Wow, wouldn’t it be nice to have tools like XNA Game studio to build an application that used Kinect on the Xbox? I think it would be a great idea. On the other hand, using Kinect hacks outside of academics? Waste of time. Focus on Windows Presentation Foundation, learn XAML, learn HTML5, better use of your time.
I like it when people (Mark Bolas not included in this group) come up to me and ask: “How many people are using Kinect with open source?”, with a smirk or a gleeful smile on their face. All I can say to them is: “No one”. Really why would anyone? The games are structured and well written for Kinect on the Xbox, can you say the same for Linux or Windows? Would a normal person (which includes App Devs) go out to buy a Kinect to use with Linux or Windows? Seriously, I just don’t think so.
Of course the hackers are serious developers who like to lead the curve and give Microsoft a poke in the side. Hacking for the general population of users, even most app developers, might be interesting but follows with a big “So What?” Unless there is a security hack, then it is followed with an arrest warrant, but a security hack is different than the Kinect Hacks or an iPad Hack.
Frankly, I think these hacks are a waste of time outside of academics or research. If you do an interesting hack these days, are you going to be able to monetize it? Are you going to save the world? Not likely, most people (and this includes app devs) are no longer using stuff that lone hackers create, mainly because it is could be a security issue or not easily/safely obtainable. Face facts, commodity prices are going up, the opportunity to work for free is going to decrease, you need to make money. Who is going to pay for a Kinect Hack? Ok, a teacher or professor might give you a grade if you use the Kinect hack, and that is a good learning experience. Are any companies going to pay for your work? I doubt it.
The old world of hackers, like the legion who broke into Lotus Notes in the 1990s is over, time to move on. In the old days hackers did interesting things and gave corporations heads up that they had a security breach. Currently? Hackers are mostly script kiddies that like to think that they are performing a service. The reality, is that they are simply annoying the people who want to use their purchased software for business or pleasure, OR, the hackers are breaking into the systems to steal information or IDs, which in many countries can lead to jail time, and jail time is not a good thing.
If you know someone who is a “hacker”: if they are “hacking” to test security leaks and make legal money doing so, then fine leave them alone. If the hacker you know isn’t making legal money or no money, then you might want to talk to them about their purpose in life, point out that life is getting more expensive and that the world of software has changed. If the hacker who isn’t making legal money or no money is attempting to change the world, ask them to enter the Imagine Cup (http://www.imaginecup.us for the United States, http://www.imaginecup.com internationally). Otherwise, would you really buy the Kinect sensor to run on your Windows Machine and use hacked software?
Seriously, Hacking Kinect or iPad: Does anyone really care?
I'm anyone, and I do care about these hacks, they use the technology in ways that may actually make a difference to companies who don't have the resources to research it themselves. Ironically, the time they spend making something (in their spare time) that may be of use to someone, is more worthwhile than you making a blog post trying to deter them from doing so.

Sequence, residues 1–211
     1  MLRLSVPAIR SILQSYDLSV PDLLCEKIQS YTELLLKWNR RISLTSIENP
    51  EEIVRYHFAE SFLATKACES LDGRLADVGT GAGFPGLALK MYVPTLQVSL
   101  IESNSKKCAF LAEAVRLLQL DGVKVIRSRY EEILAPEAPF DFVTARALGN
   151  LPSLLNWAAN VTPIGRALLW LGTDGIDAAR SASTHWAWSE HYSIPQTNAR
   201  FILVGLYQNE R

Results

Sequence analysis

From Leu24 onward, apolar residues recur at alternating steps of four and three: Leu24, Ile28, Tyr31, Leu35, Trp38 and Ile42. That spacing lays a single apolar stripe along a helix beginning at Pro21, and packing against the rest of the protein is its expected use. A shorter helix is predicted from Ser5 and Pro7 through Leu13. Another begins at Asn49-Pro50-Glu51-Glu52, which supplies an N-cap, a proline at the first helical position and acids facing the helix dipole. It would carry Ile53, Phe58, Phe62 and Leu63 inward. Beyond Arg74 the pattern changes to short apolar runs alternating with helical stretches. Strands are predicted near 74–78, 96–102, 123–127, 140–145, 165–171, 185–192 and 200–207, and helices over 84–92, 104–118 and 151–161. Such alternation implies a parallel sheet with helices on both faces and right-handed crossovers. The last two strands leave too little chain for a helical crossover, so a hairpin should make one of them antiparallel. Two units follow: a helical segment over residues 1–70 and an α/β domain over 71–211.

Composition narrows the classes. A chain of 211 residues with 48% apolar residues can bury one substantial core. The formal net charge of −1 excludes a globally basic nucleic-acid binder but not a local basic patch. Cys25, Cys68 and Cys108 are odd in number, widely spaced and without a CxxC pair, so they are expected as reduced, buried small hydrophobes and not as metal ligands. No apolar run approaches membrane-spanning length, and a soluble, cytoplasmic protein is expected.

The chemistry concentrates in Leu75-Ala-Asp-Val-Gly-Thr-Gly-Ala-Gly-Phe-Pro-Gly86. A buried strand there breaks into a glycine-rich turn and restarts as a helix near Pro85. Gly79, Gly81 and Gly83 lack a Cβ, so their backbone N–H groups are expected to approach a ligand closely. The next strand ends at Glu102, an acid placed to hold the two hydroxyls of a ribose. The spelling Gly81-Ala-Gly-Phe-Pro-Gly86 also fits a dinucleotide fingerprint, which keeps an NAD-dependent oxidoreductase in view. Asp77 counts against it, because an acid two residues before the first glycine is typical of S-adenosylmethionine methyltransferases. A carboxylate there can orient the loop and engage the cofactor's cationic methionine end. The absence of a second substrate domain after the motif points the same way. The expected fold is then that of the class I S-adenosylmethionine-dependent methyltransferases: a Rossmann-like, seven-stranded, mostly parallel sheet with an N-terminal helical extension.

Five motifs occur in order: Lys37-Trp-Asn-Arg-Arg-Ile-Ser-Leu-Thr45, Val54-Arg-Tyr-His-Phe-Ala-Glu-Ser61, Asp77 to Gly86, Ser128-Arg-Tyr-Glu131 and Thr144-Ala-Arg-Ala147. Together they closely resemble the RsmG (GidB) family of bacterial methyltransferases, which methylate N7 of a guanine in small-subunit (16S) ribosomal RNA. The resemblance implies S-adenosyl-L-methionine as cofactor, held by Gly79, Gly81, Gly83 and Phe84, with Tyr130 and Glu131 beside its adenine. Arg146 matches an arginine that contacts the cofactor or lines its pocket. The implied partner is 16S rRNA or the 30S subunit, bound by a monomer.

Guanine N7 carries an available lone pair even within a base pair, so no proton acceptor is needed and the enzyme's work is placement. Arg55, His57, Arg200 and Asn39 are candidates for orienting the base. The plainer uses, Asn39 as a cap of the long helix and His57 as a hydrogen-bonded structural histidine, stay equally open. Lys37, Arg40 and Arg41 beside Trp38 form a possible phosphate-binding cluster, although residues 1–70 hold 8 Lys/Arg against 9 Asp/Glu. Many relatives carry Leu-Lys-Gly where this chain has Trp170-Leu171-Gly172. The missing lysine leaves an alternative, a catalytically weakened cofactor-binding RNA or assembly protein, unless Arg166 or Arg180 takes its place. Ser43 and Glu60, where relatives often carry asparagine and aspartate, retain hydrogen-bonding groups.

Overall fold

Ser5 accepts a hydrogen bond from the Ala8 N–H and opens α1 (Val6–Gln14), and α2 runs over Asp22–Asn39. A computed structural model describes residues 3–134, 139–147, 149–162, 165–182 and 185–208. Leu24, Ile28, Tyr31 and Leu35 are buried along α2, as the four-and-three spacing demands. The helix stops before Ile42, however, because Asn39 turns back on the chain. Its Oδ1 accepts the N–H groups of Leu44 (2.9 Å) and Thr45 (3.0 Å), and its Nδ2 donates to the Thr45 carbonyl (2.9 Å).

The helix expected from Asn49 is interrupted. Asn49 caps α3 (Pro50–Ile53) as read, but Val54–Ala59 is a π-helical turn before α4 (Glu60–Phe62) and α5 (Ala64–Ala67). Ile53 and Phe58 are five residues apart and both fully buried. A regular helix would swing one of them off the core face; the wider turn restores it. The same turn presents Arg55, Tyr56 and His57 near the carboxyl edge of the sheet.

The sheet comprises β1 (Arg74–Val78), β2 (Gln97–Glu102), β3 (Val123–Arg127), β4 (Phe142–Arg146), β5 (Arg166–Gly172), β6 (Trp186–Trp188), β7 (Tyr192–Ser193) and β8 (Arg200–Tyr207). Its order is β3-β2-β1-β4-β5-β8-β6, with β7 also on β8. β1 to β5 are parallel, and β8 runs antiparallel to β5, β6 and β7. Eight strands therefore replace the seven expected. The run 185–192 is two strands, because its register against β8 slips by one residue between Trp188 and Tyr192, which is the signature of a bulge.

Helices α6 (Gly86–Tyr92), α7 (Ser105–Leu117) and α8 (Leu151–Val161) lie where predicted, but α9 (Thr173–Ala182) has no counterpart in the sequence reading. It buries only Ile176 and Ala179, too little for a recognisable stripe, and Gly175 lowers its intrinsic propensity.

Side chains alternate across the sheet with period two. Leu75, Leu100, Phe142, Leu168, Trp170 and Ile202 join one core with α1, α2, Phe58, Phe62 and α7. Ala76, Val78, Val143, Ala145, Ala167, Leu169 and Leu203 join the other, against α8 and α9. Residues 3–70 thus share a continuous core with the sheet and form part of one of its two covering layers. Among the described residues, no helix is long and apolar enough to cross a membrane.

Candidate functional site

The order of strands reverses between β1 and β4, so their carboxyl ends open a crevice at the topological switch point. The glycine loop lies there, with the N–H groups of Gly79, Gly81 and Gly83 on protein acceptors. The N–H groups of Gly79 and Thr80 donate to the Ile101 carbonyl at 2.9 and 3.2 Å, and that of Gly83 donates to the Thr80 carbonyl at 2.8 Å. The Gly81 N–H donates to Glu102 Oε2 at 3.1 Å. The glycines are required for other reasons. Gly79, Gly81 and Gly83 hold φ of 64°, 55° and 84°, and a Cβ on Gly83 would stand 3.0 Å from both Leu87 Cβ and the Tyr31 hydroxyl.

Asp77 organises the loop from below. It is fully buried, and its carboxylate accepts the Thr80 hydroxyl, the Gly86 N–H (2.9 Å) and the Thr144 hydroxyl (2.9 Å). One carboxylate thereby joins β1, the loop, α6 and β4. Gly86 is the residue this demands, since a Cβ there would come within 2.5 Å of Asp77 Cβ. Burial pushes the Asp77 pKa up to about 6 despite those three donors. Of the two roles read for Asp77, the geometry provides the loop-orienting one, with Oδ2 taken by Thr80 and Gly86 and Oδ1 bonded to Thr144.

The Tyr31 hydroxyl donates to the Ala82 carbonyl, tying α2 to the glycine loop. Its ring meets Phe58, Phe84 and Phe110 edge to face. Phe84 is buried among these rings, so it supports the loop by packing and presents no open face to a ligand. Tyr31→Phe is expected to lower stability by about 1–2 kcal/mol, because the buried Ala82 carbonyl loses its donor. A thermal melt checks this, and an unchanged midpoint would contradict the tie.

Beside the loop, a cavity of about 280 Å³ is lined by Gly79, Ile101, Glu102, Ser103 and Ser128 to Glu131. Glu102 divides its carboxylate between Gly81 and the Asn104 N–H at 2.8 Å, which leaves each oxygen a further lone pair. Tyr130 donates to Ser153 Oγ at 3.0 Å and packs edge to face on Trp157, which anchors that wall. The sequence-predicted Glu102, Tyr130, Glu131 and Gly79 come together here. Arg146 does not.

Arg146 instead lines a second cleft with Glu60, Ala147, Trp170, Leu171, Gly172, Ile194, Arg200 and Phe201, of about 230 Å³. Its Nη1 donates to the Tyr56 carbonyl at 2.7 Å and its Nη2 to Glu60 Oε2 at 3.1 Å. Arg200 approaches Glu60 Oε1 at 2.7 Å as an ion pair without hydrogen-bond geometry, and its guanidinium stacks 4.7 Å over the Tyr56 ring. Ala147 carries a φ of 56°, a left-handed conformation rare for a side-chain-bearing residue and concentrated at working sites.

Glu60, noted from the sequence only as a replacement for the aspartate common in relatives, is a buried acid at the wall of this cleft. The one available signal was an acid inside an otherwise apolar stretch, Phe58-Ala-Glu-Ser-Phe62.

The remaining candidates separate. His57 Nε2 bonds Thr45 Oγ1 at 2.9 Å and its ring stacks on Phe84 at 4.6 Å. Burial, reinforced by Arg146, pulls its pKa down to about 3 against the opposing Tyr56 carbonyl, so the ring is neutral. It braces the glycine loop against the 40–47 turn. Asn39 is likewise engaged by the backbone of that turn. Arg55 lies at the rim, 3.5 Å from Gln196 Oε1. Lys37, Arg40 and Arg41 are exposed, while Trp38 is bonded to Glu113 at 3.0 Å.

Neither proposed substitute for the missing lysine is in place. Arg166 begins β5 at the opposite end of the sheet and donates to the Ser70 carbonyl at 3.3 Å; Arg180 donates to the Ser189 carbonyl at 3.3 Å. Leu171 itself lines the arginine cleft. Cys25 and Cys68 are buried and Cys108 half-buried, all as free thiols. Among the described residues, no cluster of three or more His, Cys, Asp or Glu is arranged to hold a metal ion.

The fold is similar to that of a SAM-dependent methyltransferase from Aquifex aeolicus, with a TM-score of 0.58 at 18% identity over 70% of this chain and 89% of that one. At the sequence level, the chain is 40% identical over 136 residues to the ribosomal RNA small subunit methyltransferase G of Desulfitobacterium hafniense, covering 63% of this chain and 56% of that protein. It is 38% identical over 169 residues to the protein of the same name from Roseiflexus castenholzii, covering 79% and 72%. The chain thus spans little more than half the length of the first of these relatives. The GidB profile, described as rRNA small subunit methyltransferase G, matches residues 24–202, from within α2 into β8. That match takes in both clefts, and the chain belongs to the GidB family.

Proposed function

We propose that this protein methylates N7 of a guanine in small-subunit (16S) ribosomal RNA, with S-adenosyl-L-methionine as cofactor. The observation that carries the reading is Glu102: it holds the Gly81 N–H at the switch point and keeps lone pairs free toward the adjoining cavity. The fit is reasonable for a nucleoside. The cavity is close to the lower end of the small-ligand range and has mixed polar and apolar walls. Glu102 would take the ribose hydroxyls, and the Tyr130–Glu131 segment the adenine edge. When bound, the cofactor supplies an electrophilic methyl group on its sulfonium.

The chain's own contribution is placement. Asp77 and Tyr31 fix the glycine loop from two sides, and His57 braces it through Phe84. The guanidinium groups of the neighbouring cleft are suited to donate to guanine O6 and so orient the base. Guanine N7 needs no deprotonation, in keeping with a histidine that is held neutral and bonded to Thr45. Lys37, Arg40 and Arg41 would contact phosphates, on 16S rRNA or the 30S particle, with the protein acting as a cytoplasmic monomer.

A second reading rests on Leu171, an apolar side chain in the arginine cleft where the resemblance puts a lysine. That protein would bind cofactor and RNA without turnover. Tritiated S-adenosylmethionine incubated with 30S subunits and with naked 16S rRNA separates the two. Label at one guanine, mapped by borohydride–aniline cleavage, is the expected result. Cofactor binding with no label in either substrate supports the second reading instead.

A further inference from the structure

Thank you "TheAnyoneSoCalSamIsTalkingAbout" for your comments. And yes, I was a little worried about the "voice" that I used in this blog post. However, I stand on the fact that the Kinect sensor is still and expensive sensor, you have to purchase it and then hack it.
It appears that Microsoft corporation agrees with you, see the article at:
Microsoft gives jailbreakers t-shirts and swag, not law suits! Not sure where you are located, but if you are near LA let me know, I got some swag for you!
By the way, I review posts before putting them up on the website (and only delete the ones that are spam). As you can see I must not get very many comments. So yours is appreciated!
Although I agree with you as an individual, you might want to consider that most companies are not as nice as Microsoft about hacks and do pursue lawsuits. Any entrepeneur should have a solid knowledge of Intellectural properties and attend seminars about intellectual properties (which can really boring but necessary). Incorrectly using IP is definitely a source of failure if used incorrectly and a source of success if used efficently.
You sir are a moron
You say you are worried about the voice of this post, and rightfully so. It comes across as extremely condescending and uninformed.
My name is Joshua Blake. I'm a Microsoft Surface MVP and founded the OpenKinect community (http://openkinect.org). There are over 1700 members of our mailing list who think that Kinect does in fact matter, and we have a very strong respect for intellectual property. You keep saying "hacker" and phrases like "purchase it and then hack it" and "use hacked software" as if we ripped software off Xbox or modified Microsoft IP. This is not the case, and I think that you do not understand what is going on here. Perhaps it is due to the multiple meaning of the word hacker. The one that fits "Kinect hacks" the best is the second one on this page en.wikipedia.org/.../Hacker (programmer subculture, not hobbyist or computer security.)
The various people using Kinect on their PC have not modified their Kinect hardware or software in anyway. No intellectual property was cracked and no copyrights are being infringed. We simply figured out the USB protocol that Kinect uses to talk to Xbox and wrote our own drivers from scratch to support that protocol on Windows, Linux, and OS X.